Retail Shopping Centre Managers and Property Agents – What Makes a Tenant Retention Plan So Important?

escalator in shopping center

Tenant retention plans are essential to the performance of a Retail Property today.  They help stabilise the existing tenancy mix and help you optimise the market rental across the entire site.

A tenant retention plan can be a specific strategy to adopt as part of your retail property management processes and leasing support.  It should be said that the retention plan should have a suitable fee structure as part of your appointment to act as an agent.

Most of the tenants that you are negotiating with as part of the plan can be tenants in situ.  For this reason, the normal leasing fee base would not apply, but a variation of the fee structure can be created.

When it comes to the leasing of premises to tenants that are in location, it is normal to charge a leasing fee of between 50 to 75% of the standard fee that would apply to a new tenant coming into the property.  You are dealing with a captive tenant audience, that has a priority to stay within the property.  Many landlords will expect you to discount your fee on that basis.

 

Control Factors

 

Here are some other factors that can be structured into your tenant retention plan and service for the landlords in your property management portfolio.

  1. The plan itself should be optimised for the property holding requirements of the landlord.  You will need to know if they want a hold property for a number of years, or the longer-term.  Those factors will influence the decisions and strategies behind each and every lease negotiation.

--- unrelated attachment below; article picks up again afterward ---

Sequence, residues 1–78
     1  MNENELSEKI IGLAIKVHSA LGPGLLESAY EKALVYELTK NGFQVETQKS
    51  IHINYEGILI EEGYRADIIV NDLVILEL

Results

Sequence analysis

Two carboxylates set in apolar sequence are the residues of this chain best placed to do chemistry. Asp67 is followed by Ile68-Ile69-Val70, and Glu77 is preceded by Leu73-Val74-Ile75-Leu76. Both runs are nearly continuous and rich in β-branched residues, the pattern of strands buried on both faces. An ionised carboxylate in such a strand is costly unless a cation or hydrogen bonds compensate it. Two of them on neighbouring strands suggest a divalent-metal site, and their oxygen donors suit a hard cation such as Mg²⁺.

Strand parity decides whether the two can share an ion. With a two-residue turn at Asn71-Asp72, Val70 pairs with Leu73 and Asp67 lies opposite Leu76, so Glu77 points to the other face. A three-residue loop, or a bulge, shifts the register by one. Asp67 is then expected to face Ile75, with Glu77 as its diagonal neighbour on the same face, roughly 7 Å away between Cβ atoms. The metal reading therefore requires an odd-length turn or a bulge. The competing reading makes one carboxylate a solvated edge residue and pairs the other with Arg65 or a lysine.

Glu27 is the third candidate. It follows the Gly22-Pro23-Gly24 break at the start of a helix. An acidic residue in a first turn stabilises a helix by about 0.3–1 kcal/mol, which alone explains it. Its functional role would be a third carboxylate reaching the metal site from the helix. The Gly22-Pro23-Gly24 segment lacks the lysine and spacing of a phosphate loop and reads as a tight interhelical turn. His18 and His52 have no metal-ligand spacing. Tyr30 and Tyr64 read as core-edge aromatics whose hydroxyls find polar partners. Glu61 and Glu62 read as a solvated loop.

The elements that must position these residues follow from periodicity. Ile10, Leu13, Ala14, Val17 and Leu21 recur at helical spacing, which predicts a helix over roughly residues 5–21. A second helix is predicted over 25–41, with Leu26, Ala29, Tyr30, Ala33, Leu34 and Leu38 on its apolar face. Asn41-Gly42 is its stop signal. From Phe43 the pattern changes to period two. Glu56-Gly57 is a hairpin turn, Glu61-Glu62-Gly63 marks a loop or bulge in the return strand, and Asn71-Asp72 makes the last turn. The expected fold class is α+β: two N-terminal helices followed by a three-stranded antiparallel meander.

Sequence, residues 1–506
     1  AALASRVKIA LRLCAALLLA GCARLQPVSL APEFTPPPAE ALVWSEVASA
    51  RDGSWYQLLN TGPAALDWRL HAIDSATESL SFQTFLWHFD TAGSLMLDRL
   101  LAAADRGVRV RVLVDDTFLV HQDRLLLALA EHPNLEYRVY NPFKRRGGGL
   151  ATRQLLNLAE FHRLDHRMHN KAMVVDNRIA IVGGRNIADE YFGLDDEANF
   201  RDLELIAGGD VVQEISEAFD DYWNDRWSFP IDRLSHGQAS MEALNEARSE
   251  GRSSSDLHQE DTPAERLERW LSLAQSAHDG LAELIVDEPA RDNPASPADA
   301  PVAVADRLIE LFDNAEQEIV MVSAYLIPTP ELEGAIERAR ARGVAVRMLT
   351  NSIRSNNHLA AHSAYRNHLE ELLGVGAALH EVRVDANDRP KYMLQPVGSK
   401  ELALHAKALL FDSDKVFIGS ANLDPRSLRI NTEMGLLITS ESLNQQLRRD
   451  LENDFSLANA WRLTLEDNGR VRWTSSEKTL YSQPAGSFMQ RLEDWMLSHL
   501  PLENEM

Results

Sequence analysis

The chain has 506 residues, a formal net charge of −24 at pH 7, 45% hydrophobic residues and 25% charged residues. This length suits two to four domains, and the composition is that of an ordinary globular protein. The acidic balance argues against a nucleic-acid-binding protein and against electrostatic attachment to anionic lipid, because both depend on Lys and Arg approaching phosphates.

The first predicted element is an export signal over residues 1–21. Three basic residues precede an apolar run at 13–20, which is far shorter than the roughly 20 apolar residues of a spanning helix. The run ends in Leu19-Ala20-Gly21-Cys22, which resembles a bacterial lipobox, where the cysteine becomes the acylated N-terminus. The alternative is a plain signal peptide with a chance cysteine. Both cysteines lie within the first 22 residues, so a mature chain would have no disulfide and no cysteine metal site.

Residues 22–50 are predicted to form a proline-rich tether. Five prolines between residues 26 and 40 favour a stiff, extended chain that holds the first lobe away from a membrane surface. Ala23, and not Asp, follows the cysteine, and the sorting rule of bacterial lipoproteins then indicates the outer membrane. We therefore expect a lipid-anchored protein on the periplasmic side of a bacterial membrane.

2. Review the market rentals that apply to similar properties in your local area.  Those market rentals will change from time to time and have some relevance towards the properties that you work on and the landlords that you serve.  Always be careful when it comes to interpreting market rentals.  Some of those rentals may have been established through ‘non-market’ conditions.  On that basis, they will not be true market rentals.
  3. Meet with all the tenants in the subject property on a regular basis.  In larger properties, that would normally be at least monthly.  You can then identify any special needs and requirements when it comes to lease occupancy, tenancy expansion or contraction, and levels of trade.  Given that the current retail property market is somewhat volatile, it is desirable to establish an agreement if any tenants are under some form of pressure as part of their business.
  4. As part of the retention plan, some tenants will be leaving the property by choice, your decision, or end of lease.  For this reason, you will need a specific plan regarding the marketing of upcoming vacancies.  As part of that process, you should also understand the requirements of the landlord when it comes to standard lease terms and conditions, market rental, and undesirable tenants.
  5. There are differences when it comes to negotiations with anchor tenants vs. speciality tenants.  Both types of tenants have relationships to each other and support the property overall.  In a single property, the balance and relationships between the tenancy types will help the property perform and improve both in sales and rental.  It is the job of the leasing manager or the property manager to ensure that the relationship between tenants is strengthened and optimised to improve Retail Property performance.

You can add to this list based on local market conditions, the property type, and the strategies of the landlord.  Importantly you should have a retention plan to take the property forward within the requirements of the landlord.

3 Comments

  • House Valuation Online

    October 23, 2012

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  • John Williams

    October 25, 2012

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    GoRenter

  • John Williams

    October 25, 2012

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    GoRenter